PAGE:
What’s the hardest thing about working in music? And the best thing?

Well easily the hardest thing is that if you are actually committing to grinding hard and cultivating something related to music, it’s going to take many, many hours. It means your music and art isn’t simply a hobby or a pastime, but a lifestyle and a business. You need to work at it hard each and every day beyond a simple 9-5 mold because you understand that true success arrives in years (and possibly more) rather than in months or weeks.  The other challenge is the superficiality of doing something like music. I’m glad that I’m a lot older and I’m deciding to make something of this, because I’m not going to be sidetracked by the attention or small steps. I’m not really interested in living a party lifestyle or popping bottles in the clubs. I would much rather meet a milestone, and then start working toward the next thing. Of course this doesn’t mean I’m not having any fun. I am a people person and need to be around people. It’s just I’d rather find more chill avenues to connect with people over good libations. Again, to each his own.

 

 Recently, you had a cameo in the Emmy award winning Netflix show House of Cards. How did that happen?

Like everything in life, when you surround yourself with good people and continue to work hard, sometimes luck finds you. I know that the show was holding auditions but I really wasn’t interested in that. I actually ended up having an actor buddy of mine out in LA (who has been pushing me to do music for many years) set up a private meeting where I got to sing for the producers. The next thing you know, a few weeks after that I’m heading to the shoot in a credited, primary role. The experience was an amazingly wonderful one. I got to meet some amazing individuals, some of whom were so nice to me. The day the Season 2 was released, I had show creator and writer Beau Willimon reach out to me to thank me. I got a chance to meet and talk to him and he’s seriously got an amazing story. Go check the link for some background on the guy. And he’s humble enough to take the time to reach out to someone like me. I’m really grateful to him, Kevin Spacey, and the casting directors for their roles in getting me on the episode. I’m really thankful to have had such an awesome opportunity to have a tiny part of a great show.

 

What’s next for you, career-wise and music-wise? What can we expect in 2014?

2014 is going to be a great year! Just last weekend, I had a show in DC where I performed all of my own originals for the very first time ever. Personally it was a big step and this year, I’m starting to get booked for many more opportunities and shows so I’m hoping this is just the very beginning. I don’t really want to let too much out of the bag, but there are some pretty great things currently in talks and I’m really just enjoying the journey.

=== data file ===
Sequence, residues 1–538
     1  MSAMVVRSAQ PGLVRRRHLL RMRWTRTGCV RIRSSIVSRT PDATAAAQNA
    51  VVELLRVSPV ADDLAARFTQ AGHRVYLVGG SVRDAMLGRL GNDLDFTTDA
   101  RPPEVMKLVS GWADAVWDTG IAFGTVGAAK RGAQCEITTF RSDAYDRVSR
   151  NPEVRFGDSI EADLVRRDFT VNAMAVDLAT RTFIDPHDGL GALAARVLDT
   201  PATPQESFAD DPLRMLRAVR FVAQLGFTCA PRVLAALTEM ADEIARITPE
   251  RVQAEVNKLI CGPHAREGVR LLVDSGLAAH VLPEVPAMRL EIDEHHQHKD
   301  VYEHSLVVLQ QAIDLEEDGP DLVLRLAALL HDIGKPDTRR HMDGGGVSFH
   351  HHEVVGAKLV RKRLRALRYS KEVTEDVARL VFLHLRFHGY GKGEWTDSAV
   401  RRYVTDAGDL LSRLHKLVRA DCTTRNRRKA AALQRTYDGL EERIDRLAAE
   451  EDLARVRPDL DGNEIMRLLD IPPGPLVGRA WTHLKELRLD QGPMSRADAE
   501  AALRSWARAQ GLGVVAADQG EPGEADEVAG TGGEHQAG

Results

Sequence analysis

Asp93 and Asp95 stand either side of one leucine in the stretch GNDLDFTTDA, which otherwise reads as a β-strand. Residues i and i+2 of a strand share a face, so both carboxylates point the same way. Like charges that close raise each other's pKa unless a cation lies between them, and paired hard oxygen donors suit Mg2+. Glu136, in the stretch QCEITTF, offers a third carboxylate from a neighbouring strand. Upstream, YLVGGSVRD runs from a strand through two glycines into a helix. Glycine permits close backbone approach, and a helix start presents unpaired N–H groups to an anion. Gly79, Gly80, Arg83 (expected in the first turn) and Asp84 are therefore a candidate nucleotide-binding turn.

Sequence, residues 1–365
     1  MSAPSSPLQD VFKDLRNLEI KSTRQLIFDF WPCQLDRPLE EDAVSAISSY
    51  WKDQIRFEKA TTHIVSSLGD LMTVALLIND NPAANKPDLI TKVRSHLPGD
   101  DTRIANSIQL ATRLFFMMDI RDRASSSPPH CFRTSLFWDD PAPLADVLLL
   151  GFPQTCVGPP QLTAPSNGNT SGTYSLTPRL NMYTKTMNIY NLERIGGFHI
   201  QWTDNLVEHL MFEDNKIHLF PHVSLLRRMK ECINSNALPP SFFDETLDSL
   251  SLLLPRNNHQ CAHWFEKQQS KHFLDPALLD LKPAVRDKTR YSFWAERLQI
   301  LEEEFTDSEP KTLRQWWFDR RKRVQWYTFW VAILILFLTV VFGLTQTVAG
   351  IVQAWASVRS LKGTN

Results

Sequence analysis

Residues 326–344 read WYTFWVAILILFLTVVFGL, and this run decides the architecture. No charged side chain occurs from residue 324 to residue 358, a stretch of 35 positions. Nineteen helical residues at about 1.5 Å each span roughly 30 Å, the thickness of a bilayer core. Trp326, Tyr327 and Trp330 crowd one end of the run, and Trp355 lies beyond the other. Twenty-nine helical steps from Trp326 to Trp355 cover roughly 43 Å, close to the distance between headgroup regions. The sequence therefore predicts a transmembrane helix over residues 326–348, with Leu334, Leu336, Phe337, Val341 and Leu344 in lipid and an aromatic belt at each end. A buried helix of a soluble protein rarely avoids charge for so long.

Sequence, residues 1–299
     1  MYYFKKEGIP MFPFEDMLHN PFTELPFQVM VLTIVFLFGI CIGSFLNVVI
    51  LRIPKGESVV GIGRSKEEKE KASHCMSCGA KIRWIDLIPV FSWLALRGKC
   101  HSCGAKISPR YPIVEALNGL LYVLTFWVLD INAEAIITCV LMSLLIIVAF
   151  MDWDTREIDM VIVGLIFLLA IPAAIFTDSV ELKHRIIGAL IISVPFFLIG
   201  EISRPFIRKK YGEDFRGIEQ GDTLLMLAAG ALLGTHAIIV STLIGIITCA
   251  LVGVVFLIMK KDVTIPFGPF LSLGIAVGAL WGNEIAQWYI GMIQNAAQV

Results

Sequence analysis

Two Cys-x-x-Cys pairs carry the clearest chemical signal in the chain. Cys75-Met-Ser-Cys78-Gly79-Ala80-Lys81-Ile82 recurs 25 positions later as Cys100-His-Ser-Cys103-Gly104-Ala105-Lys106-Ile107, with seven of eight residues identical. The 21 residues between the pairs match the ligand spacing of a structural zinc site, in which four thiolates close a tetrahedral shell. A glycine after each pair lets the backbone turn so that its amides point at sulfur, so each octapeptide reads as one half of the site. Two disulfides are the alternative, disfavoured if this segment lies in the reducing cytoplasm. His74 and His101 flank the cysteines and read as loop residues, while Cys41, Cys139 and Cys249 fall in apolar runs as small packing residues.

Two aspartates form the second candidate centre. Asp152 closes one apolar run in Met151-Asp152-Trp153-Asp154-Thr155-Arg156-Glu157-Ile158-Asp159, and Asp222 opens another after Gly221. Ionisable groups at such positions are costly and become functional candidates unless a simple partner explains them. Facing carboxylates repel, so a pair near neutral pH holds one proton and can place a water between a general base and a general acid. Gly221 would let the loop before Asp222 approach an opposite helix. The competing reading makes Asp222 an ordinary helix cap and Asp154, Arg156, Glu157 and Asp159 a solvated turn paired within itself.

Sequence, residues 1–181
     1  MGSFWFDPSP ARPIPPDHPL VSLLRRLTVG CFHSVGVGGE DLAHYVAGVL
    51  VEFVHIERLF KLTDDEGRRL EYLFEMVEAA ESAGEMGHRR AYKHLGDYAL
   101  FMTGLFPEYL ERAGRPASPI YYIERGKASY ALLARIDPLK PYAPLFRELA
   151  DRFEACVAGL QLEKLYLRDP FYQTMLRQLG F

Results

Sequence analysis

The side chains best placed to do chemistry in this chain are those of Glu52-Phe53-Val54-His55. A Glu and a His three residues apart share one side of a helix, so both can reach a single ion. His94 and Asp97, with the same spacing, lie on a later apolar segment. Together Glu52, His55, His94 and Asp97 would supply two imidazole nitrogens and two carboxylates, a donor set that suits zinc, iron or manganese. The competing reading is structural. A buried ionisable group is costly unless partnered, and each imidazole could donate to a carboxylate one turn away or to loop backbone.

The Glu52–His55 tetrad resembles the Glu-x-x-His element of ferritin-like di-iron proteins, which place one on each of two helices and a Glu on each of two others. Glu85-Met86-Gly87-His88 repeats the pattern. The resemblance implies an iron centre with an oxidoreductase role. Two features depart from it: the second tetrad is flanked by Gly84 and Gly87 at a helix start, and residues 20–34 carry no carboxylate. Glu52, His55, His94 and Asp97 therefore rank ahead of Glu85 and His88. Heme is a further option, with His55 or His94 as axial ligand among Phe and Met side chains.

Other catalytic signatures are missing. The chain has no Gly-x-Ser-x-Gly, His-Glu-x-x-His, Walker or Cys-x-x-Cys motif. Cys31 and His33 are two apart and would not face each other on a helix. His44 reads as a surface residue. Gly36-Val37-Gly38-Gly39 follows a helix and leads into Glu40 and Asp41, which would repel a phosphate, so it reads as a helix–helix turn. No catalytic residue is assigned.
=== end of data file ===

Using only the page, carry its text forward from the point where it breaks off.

Is there any advice you’d give to someone pursuing music or considering careers?

Your twenties are an important time to struggle to find yourself. It has taken me nearly all of my twenties to figure out how to be real with myself, to not worry about what anyone else is doing, to not worry about expectations others have of you, and most importantly to be happy and do rewarding work. The formula I’ve come to find is that the more you live outwardly and for others, the happier you are. And if anyone wants to talk about it or ask me anything, please feel free to link up with me on Facebook or Twitter! I interact with everyone, so it won’t be a blind follow.

10x10 with Comedian Jenny Yang!

Jesifiable here—not posting inappropriate animated GIFs mind you—and here to present you the second ever 10x10. This time I got to take a poke at stand-up comedian, writer and California gal Jenny Yang. Through a mutual friend, I’ve had the fortune of meeting Jenny; she’s someone who’s helped me personally through my own transition out of college and into the scary world of adult responsibilities. So check it out and let the curtains roll.

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(photo credit: Stephanie Lim Photography)

1. In a nutshell, how do you describe and define yourself?
Enthusiastic Asian American Immigrant Food-Eater, Stand-Up Comic, Writer and Social Media Doer.

2. Now you’re one of the founders of Dis/Orient/ed which showcases primarily Asian-American women comedians. What made you want to create a unique showcase like this?
We wanted to create our own creative tribe.  Stand-up comedy is a White, straight, male-dominated contact sport and we needed to get a deeper bench if any of us will have the support and longevity like that of comedy goddess Margaret Cho.  For a hot second we toyed with the name “Geishas of Comedy” but then that wasn’t quite the “message” we wanted to send. So we formed Dis/orient/ed Comedy to provide a platform to feature the diverse and talented voices of female, Asian American comics.  ”Female” and “Asian” are loosely defined. We really mean those who are not typically seen on your run-of-the-mill stand up comedy show. So we’ve had Egyptian-American comic Maria Shehata and D’lo, a Sri Lankan transgendered “boi” featured on our shows.

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18mr:

We love this interview with We Belong Together’s Pramila Jayapal about undocumented Asian immigrants!

Join us in calling for fair, just immigration reform for all families.

10x10 with the Director & Cast of Flat3